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The British Government first formulated the Patient Charter of Rights in 1991 as a way to set a standard for care in hospitals and clinics. The charter has been revamped twice, with the last revision coming in 1997. The charter covers such aspects of the nation’s health care system including general practice, hospital services, community services and ambulance services.
Access to Service
The charter outlines that patients have the right to care on the basis of need, not on the basis of ability to pay or social status. Patients also have the right to change their general practice doctor whenever they choose to emergency care delivered by a GP or an ambulance, and referrals to other physicians and specialists when the need arises. Patients also have the right to choose whether they want to take part in care that is part of medical research. Patients have the right to their medical information, the right to bring grievances and have them resolved within four weeks, and the right to receive information on local health care services.
A GP is a general practice doctor in the UK. Under the charter, all patients have the right to be seen by a GP within two days of being referred to one by a local health authority. If the GP is not to your liking, the local health authority is required to provide you a list of alternatives within two days of your request. You have the right to know exactly what services your GP provides. You have the right to a health check (or physical) if you are seeing a GP for the first time or if you have not had one in three years. You also have the right to appropriate prescription drugs.
The charter’s hospital services covers such issues as reducing waiting times, same-sex wards, the hospital environment and discharge. If you are seeking emergency care, you can expect to be seen immediately and have your condition assessed. If you are going in for an outpatient appointment, you can expect to be seen within 30 minutes of your appointment. If you are admitted for emergency care, you can expect to have a bed within two hours. You have the right to know if you will be placed in a single-sex ward or not. You can also expect to be given a copy of the hospital’s food and nutrition policy and expect to have your valuables be kept safe while in the hospital.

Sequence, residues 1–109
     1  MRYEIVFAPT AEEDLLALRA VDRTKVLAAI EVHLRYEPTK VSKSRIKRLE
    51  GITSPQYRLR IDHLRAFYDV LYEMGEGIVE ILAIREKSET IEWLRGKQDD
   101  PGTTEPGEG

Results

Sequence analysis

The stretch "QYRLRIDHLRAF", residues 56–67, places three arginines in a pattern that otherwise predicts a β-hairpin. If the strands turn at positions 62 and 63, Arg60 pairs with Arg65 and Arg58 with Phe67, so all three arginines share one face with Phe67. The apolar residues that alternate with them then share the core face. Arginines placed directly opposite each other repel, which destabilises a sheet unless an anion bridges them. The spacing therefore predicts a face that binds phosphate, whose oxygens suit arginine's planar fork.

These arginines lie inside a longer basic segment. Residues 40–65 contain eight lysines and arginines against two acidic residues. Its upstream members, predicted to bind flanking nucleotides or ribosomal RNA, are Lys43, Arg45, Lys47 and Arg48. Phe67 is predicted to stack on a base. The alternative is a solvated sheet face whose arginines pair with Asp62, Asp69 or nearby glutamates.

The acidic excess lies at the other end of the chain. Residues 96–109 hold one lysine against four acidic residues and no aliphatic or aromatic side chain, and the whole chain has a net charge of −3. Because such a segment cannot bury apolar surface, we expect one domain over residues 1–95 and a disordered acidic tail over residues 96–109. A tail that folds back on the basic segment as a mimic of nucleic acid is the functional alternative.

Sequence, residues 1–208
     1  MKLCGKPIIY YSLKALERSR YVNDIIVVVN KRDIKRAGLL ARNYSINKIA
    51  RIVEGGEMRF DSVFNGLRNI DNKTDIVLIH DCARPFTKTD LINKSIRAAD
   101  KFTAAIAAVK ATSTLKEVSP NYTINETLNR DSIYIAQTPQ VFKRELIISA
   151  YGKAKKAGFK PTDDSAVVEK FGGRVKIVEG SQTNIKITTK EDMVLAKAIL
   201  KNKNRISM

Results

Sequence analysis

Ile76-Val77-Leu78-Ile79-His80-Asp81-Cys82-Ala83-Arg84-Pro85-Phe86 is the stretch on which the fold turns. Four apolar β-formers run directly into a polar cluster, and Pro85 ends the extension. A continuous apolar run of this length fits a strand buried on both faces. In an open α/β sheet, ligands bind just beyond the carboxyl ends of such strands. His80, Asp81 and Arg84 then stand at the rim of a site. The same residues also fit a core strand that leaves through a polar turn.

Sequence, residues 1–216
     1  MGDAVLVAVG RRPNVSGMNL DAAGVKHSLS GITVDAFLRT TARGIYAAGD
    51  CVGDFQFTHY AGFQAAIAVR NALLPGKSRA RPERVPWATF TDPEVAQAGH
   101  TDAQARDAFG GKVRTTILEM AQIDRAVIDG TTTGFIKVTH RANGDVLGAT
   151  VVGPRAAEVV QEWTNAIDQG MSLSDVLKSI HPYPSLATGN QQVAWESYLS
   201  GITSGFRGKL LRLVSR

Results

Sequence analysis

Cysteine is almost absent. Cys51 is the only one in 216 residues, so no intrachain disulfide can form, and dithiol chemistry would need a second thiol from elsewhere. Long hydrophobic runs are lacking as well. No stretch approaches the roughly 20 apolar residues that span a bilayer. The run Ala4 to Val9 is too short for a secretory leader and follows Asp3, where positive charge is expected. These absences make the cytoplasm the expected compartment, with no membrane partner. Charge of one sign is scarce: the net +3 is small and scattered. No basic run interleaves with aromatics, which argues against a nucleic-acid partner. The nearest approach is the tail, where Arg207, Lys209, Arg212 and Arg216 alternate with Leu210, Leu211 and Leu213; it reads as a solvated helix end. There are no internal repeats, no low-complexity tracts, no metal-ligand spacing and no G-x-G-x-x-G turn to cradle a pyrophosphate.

This part of the charter covers caregivers that go to the patient’s home. Patients who need a home visit can expect it within two hours of the set time. You can expect to be seen within four hours if you are an urgent patient, two working days if you are not an urgent patient and by appointment, if you give the community health care service 48 hours notice. In the cases of midwives helping pregnant patients, they can expect to see a midwife when it is necessary, including 10 to 14 days after the baby’s birth, or within five working days if you have a new GP and have kids under the age of 5.
If a patient is in need of ambulance services, she can expect the ambulance to reach her location within 14 minutes of the call in an urban area, or 19 minutes in a rural area. An urban area is considered an area that has a population density of 2.5 people per acre or more.
The charter sets up a series of protocols to handle suggestions or complaints from patients. Patients can expect to have their problems heard within two days by the National Health Service. There is an expectation that the NHS will handle informal complains within one month and formal complaints within six months. Those who file a complaint should receive a progress report every month until their complaint is settled.
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